In a gated community on the west side of the Scioto, a homeownerâ€™s beloved art collection is displayed in a refreshing new environment.
A modern light fixture accents the angles apparent in the kitchen's architectural design. On the countertop, the textured surface of honed granite appealed to the homeowner, as the island in her kitchen was redesigned during the renovation process. Hydraulic swivel stools can be raised and lowered to accommodate young grandchildren.
Michael A. Foley/MAF Photography
Tucked away in a tiny, gated community just west of the Scioto River, a new homeowner settled into a quaint, European-inspired neighborhood and then approached her house as a design project that would reflect her utmost desires.
Having completed more than a half dozen such projects through the years, she roamed around Darrons, 1325 W. Lane Ave., looking for items that would refresh her contemporary style. Finally, she appealed to Darrons designer Tamara Amstutz-Roop for assistance and the two ultimately created a fresh look that allowed for the homeowner’s beloved pieces of artwork and long-treasured furnishings to be easily incorporated.
Most importantly, the homeowner thought the artwork that adorns her walls had been in storage too long, while she lived at her last address—a one-story ranch with a sprawling lawn and swimming pool in Upper Arlington where much of her time was spent doing simple maintenance.
Months later, she’s now happy in this cluster community where her expansive art collection is hung, fresh furnishings are interspersed, renovation projects have been completed and she is surrounded by several very dear friends who live nearby. In her spare time, she volunteers, currently with a pet project involving the Alzheimer’s Association of Central Ohio and the Columbus Museum of Art.
At home, though, the traditional European aesthetic of this neighborhood, developed in 2003 by Romanelli and Hughes, gives way to an interior that is modern and light. Taupe-colored walls provide a warm backdrop for works by Salvador Dali (purchased in Soho); abstract artist Robert Wells and artist Randall LaGro, both of Taos, New Mexico, and others.
The soaring great room also provides an opportunity to admire the home’s architecture, with its wrought-iron stair rail reminiscent of another of the homeowner’s earlier residence in Tartan Fields (featured in Columbus Monthly Homes, April 2004 edition). “I am drawn to the openness and height,” says the homeowner.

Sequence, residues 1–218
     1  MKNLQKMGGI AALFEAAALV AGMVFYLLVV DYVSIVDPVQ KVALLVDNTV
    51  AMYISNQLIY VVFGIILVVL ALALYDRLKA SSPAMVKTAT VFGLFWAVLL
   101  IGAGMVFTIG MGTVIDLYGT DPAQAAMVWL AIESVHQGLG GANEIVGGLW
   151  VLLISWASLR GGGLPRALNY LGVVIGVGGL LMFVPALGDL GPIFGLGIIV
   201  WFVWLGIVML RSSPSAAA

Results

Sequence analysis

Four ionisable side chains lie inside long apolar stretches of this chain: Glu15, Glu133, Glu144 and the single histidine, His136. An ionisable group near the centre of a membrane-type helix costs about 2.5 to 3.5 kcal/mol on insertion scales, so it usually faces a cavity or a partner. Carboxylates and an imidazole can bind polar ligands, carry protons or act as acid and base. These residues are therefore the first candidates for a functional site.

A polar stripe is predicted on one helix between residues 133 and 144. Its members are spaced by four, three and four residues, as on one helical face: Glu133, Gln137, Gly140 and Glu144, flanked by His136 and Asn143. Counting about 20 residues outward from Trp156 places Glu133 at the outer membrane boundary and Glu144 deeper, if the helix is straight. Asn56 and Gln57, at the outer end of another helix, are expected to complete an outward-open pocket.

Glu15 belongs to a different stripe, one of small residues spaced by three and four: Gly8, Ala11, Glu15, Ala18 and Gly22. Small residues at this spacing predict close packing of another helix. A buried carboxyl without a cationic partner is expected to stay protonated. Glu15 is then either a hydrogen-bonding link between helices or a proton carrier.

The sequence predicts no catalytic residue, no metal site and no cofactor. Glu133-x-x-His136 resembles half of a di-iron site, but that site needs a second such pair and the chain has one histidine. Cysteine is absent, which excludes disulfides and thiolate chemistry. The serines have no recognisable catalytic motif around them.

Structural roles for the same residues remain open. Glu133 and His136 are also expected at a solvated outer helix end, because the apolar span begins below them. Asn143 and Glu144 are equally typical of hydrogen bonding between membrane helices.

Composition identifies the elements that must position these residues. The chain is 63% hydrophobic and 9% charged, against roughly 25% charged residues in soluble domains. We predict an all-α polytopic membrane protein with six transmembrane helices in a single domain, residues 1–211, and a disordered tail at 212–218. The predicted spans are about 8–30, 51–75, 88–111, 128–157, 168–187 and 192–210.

In the living room, immediate revisions were made when contractor D.L. Atkinson replaced dark cabinetry with white and the fireplace surround was refreshed with sleek limestone. General contractor Ted Mangia & Son Construction oversaw the renovation project.
When it came to furnishing the space, the homeowner selected a leather stone-colored sofa with a comfortable chaise, situated near the fireplace. Two nearby chairs were brought from the former residence, while the contemporary look was enhanced with a new modernist glass table and a floor lamp featuring a basket-weave shade upcycled from newspaper.
“I love to incorporate things from the late ’80s and early ’90s,” explains the homeowner. “I’ve always loved contemporary.” Light, wooden floors throughout much of the house were finished with a darker stain, setting off the bold colors and patterns in her modernistic rugs.
The adjacent dining room is less formal, opening directly into the living space. Its round table can expand to oval, accommodating at least 10. But for casual gatherings, the homeowner can easily seat six on the accompanying chairs and bright red banquette. Here, shades of red, blue and gold in the upholstery of antique chairs are ironically duplicated in the modern rug.
The kitchen, directly adjoining the great room, was renovated when the homeowner decided to change the design of the island, creating a flat surface instead of its original two tiers, and then topping it with a dark shade of honed granite, provided by Lind StoneWorks. A cooktop also was incorporated. Modern hydraulic swivel stools at the end of the island can be raised and lowered, easily accommodating young grandchildren. Nearby, a long window bench was installed, providing a comfy seating space for an overflow of visitors and plenty of storage within.
The coziness of the neighborhood lends a secure feeling, but also gives a slight need for privacy. Therefore, the homeowner installed a leaded glass window, done by Chuck Borsari, over the kitchen sink to ensure light.
Even though the homeowner was scaling down, this house provides more than 3,000 square feet of living space, including an efficient master suite and guest suite on the main floor, two guest rooms on the second floor and an additional guest room on the lower level. There are four full baths throughout.
Convenient to the open living space, the master suite has a bed flanked with silver-leafed chests and tall modern lamps that draw attention to the room’s peaked ceiling. An organic wool shag rug covers the wooden floor.
The adjoining master bath incorporates a spacious shower in which the owner artfully integrated subtle glass with travertine tiles. A large art glass window, also done by Borsari, is positioned over the tub.
The homeowner’s library—at the front of the house—is furnished with long-ago-purchased chairs and a new walnut library table. The room’s original wooden shelving was left in place.
The convenient floor plan offers laundry facilities behind a closed door between the kitchen and the master suite. Just steps away, off of the great room, a spacious patio has a bubbling fountain, providing soothing sounds during pleasant weather.
With the renovation of her new dwelling now complete, the homeowner is happy with her surroundings, as well as her new location—a peaceful and protected space that is easily accessible to highways and byways that weave through the city and beyond.
Sherry Beck Paprocki is editor of Columbus Monthly Homes.